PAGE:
Baseball Outfielders: 5 Essential Drills to Play Like a Pro
Curious about baseball outfielders and 5 essential drills to play like a pro? Even professional baseball players get tired of constant practicing and performing drills over and over, but they know that these 5 essential drills for outfield play are necessary. Youth baseball coaches can make these 5 essential drills less tedious by adding a little fun, or even a little friendly competition between team members.
- To encourage your baseball team to train, make this first essential outfield drill a timed event. Have the players stand at attention, hands at their sides, feet together, facing away from home plate. Then, on a signal, see how fast they can achieve the correct position (knees bent, hands close to hips, facing home plate).
- Another essential baseball drill is getting players to start moving as soon as a fly ball is hit. Baseball players need to move quickly, even if it means taking just one step to the left or right, depending on the direction of the ball. One way of doing this is to use the movement as a warm-up exercise. Spread the players out, then give such commands as “Ball is going left,” or “Ball is going right,” as rapidly as possible. Do not actually hit a baseball at this time; the idea behind this essential drill is to get the team ready to respond and warmed up for the rest of practice.
- Have players practice catching high flies in such a way that they are ready to immediately throw the baseball back. During this essential outfield drill, remind the players that the best position for this is with their bodies behind the ball, which is caught over the throwing shoulder so that the player is already in a good position to return the ball.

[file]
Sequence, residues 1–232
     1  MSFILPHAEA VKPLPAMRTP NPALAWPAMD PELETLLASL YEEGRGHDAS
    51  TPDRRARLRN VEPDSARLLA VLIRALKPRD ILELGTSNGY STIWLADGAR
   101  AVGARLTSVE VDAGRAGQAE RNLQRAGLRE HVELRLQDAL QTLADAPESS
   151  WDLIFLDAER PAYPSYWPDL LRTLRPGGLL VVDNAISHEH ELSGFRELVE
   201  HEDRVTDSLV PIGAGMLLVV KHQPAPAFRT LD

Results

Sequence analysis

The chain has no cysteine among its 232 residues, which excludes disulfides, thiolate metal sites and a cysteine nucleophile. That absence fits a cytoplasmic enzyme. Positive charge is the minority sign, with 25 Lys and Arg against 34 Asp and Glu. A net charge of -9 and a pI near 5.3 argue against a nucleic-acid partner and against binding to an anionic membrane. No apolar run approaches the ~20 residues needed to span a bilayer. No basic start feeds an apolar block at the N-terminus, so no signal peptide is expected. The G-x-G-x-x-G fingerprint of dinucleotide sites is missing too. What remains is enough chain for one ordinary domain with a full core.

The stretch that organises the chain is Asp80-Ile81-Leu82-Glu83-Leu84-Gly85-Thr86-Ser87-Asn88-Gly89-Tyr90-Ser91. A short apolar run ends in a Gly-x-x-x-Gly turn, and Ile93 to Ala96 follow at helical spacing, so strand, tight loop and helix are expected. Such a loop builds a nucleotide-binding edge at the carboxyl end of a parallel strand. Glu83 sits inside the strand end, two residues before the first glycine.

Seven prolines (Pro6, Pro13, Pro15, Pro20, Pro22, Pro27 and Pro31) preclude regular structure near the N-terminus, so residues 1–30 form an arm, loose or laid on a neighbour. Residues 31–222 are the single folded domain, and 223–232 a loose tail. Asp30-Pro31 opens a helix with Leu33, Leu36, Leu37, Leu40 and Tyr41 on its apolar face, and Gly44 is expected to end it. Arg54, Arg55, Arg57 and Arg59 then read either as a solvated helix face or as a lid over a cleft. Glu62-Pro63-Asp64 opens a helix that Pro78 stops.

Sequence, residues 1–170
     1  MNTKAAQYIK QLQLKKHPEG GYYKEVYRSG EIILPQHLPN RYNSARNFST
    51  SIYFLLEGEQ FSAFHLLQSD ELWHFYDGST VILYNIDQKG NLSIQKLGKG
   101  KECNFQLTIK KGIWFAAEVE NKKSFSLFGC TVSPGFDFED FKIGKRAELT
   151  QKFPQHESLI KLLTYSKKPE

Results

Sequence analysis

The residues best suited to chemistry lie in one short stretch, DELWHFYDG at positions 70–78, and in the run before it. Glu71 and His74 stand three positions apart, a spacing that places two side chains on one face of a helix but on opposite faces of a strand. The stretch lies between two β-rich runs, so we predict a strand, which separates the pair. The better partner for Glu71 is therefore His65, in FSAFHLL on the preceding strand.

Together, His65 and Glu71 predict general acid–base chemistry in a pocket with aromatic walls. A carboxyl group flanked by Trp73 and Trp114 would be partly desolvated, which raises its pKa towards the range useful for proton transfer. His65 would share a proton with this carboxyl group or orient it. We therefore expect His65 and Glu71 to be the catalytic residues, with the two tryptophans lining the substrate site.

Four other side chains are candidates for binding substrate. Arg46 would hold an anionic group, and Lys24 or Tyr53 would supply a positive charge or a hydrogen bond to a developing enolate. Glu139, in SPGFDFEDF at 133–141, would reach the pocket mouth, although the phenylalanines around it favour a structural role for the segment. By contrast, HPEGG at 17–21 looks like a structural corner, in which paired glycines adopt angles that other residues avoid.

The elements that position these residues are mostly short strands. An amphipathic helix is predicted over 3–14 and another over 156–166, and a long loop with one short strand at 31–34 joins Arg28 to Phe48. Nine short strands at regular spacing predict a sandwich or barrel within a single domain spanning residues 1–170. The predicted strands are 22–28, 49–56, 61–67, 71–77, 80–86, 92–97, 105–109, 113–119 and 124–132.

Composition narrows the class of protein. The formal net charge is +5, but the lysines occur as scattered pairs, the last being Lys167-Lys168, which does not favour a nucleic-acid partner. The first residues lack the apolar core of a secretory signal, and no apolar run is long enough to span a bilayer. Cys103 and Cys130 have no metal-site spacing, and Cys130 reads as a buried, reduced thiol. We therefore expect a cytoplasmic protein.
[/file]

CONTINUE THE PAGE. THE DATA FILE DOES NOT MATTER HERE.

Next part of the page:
- Teach your players to scoop up grounders. In other words, let the glove capture the baseball so that the players don’t fumble it. Very young baseball players may enjoy using their gloves to scoop up sand, soft dirt or another materials that will not harm gloves as a way to learn this essential outfield skill. You can have them race to where the material is, scoop it from the ground, and run back to a pre-determined spot where they will drop their “ball,” then run back for another scoop. Remind them not to throw the substance they scoop up, but rather to empty their gloves. Once they have done this drill for a while, then you can practice with regular baseballs.
- This last outfield drill may seem rather strange, but it is a good one to teach. If a coach notices that players are relying too heavily on their gloves to stop balls, and as a result are blowing some throws, this essential outfield drill can come in handy. Have someone roll baseballs toward the players, and have them use their other hand to retrieve it. Alternate between having them run toward the ball being rolled and waiting for the ball to come to a complete stop before they field it. Explain to them that learning this drill will mean that they will already be looking at the ball, and will only need to straighten up, quickly achieve a good throwing stance and hurl the ball to where it needs to be to make the out or keep a runner at base.